Thursday, September 15, 2011

Three Pet Peeves & An Interview

Today’s post is going to be a little ranty and mostly just a list of a few things that annoy me. Because I've been reading a lot and these things came up. A lot.

(But at the end, I share some good news, so if you don't want to read the first part, skip down. You don't want to miss the best part.)

Pet Peeve #1

If you are reviewing a book on your blog or on Goodreads and plan to tell the end WITHOUT putting the word *spoilers* anywhere on your review, then I hope you know you’ve ruined it for me and I sort of secretly hate you for at least a day. For the love of all that is good, type the word SPOILER if you reveal the end. Please. I beg of you.

(I have recently stopped going to Goodreads pages for books I am reading anyway, because of this problem, but I went to a blog, and was not expecting the end to be revealed at all, and now it’s ruined for me. What’s the point of reading if I already know the end?) (And if you are a person who reads the end first, well, I don’t even know what to say to people like you. That's just weird.) (But, I probably can still be friends with you. As long as you don’t tell me the end and put the word SPOILER in your review. Ha!)

Pet Peeve #2

If you are an author of a book and know you have a problem with homonyms, please get an editor that is really good at sniffing out those pesky homonym mistakes. (Although I have to say it does make me laugh out loud.) There is no way for someone to “peel with laughter,” “need a drink after being in the hot dessert for so long,” (although I suppose technically you could sit in a hot dessert. But that would be messy) “loose your mind,” or “walk up an isle at the grocery store.”

Pet Peeve #3

If you are going to use dialect in your dialogue, please try to make the person sound less dumb. People with accents are not dumb. Generally speaking. And it makes your character feel stereotypical and unrealistic when you do that.

*deep breath*

The Good News!

Well, I just got an email that makes me feel much better. Misty Moncur interviewed me for her blog, and she surprised me and posted it today! Hooray! There’s some pretty funny stuff on there. She likes me better than Dave! She wants to come over and eat ice cream and hang out with me! I have a new best friend who doesn’t mind my Return of the Jedi secret writing story.

Click here if you want to read it. (Come on, you know you want to.)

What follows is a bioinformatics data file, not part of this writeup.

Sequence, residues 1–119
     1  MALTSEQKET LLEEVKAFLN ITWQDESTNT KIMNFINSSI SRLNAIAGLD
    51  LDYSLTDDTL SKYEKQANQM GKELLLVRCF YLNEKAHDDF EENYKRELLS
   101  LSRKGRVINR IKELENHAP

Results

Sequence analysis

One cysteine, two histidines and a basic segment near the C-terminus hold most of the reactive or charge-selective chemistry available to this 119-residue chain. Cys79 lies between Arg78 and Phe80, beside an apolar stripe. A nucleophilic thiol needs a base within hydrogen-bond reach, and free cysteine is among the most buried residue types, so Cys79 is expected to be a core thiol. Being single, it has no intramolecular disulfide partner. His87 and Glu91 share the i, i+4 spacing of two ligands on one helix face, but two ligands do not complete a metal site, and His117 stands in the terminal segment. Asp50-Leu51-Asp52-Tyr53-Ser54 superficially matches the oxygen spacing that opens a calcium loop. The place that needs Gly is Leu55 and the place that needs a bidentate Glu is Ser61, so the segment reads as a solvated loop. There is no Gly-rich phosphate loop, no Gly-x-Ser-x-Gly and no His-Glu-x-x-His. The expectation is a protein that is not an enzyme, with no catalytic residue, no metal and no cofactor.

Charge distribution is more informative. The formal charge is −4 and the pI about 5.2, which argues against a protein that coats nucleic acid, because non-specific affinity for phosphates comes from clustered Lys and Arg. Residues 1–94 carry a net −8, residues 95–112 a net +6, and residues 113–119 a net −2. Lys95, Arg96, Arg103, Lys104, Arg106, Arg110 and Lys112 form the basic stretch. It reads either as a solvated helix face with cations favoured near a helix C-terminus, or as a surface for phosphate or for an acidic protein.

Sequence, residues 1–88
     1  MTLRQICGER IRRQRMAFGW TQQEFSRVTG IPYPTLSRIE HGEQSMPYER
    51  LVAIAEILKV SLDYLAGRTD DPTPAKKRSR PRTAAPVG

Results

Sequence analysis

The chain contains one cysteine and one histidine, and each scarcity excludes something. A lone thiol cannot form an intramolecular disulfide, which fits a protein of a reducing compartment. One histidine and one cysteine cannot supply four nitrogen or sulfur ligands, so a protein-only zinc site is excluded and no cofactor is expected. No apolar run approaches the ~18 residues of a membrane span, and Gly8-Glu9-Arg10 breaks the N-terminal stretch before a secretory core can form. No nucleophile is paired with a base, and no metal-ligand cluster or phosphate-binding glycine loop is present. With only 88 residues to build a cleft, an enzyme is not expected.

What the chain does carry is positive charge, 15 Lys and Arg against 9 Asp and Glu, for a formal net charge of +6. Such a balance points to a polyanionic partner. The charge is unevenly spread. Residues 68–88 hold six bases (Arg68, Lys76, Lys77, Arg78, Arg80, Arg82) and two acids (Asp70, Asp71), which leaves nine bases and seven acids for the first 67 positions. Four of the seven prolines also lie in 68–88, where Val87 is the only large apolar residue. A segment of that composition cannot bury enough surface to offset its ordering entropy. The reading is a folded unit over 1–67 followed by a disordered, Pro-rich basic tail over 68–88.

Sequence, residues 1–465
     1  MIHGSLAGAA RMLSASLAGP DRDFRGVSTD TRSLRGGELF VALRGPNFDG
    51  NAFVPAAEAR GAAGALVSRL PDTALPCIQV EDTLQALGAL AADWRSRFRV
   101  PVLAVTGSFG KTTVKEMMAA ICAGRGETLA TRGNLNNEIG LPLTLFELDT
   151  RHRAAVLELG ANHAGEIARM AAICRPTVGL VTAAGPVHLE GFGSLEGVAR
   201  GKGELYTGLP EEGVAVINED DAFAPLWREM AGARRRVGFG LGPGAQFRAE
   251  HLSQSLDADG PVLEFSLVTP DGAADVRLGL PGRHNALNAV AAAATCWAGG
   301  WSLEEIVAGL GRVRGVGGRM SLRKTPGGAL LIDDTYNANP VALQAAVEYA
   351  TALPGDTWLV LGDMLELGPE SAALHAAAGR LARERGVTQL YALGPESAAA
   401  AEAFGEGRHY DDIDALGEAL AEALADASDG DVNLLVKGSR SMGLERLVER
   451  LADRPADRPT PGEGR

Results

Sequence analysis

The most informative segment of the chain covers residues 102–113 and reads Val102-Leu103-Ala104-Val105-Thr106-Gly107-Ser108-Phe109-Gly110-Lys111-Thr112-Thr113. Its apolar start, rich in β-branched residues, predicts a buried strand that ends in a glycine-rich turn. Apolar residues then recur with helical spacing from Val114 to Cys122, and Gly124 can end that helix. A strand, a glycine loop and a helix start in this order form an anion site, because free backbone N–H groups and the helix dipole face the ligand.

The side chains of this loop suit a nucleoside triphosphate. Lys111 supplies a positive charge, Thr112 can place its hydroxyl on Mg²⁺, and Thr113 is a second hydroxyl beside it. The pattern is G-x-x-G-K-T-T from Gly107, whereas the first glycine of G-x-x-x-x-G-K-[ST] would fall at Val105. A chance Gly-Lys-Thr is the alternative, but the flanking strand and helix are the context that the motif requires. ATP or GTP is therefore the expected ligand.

18 comments:

Donna K. Weaver said...

At least a day! Spoilers can kill the reading experience, and the most fabulous the ending the worse the let down!

Angie said...

Those are annoying things! I'll go read the interview now.

Stephanie Black said...

Excellent rant, Julie :) And may I add a complaint about the difference between "discreet" and "discrete."

Now I'll go read your interview!

Gina said...

I concur with all your rantings.

Tracy Krauss said...

Your pet peeves are good ones too! Thanks for stopping by my 'pet peeve' post earlier. I now have a confession. I often read the last page first ...

Julie Coulter Bellon said...

Donna, I know!

Angie, thanks!

Stephanie, that's a good one, too! :)

Thanks, Gina.

Tracy, I hope we can still be friends. ;)

Mindi said...

My mom always reads the end first! I don't get it! Love the post!

J.L. Campbell said...

Liked the homonym examples made me chuckle. I'd go read that article, but my eyeballs are threatening to revolt if I do any more reading tonight.

Sarah Pearson said...

I enjoyed the interview, and who wouldn't love to share ice-cream with a friend? :-)

tfwalsh said...

Totally agree with pet peeve one... though I can't help myself and read reviews from Goodreads anyway...

Crystal said...

I'm one of those that sometimes takes a peek at the ending, but I completely understand why it would ruin a book for someone, so I always make sure I either don't reveal any spoilers, or I ask the person: "Do you want to know, or are you going to read it for yourself?" Yes to your other pet peeves!!

And, off to read your interview. Congrats!! :-)

Ms. Shreditor said...

Here's an interesting question: Are the examples in #2 homonyms or homophones? School me! I'll freely admit to confusing the two. And don't get me started on homographs and heteronyms. The mind reels.

Julie Coulter Bellon said...

I think this is the best definition I could come across:

"A homonym is a word that has the same pronunciation and spelling as another word, but a different meaning. (bat-baseball equipment, bat-nocturnal animal)

A homograph is a word that has the same spelling as another word, but a different meaning.(dove- a bird, dove- past tense of dive)

A homophone is a word that has the same pronunciation as another word, but a different meaning.(there, their)"

Clear as mud? :)

Julie Coulter Bellon said...

You know, even in my English teaching the difference between homonyms and homophones is disputed by several experts. So I think you could honestly say either/or in this instance. But it still doesn't change my pet peeve about it. :)

Ms. Shreditor said...

Thanks, Julie. The mind continues to reel (especially since no two websites seem to agree), but that does help! I hope I haven't totally blown my street cred on this one.

Julie Coulter Bellon said...

LOL I don't think so. But maybe we should debate it just to be sure. You could be for homophones and I'll be for homonyms. Nym gang vs. phone gang. Hmmm... on second thought, maybe not. I'm sort of scared of you, hence I'm sure your street cred is fine. :)

Ms. Shreditor said...

I pity anyone who has to learn English as a second language--or as a first language, for that matter. I really do.

At the end of the day, all that really matters is that "lose" and "loose" are not interchangeable. Ever. Nor are "way" and "weigh," despite all late-night typos to the contrary.

Julie Coulter Bellon said...

Well, you know, you have to keep "towing the line." Ha!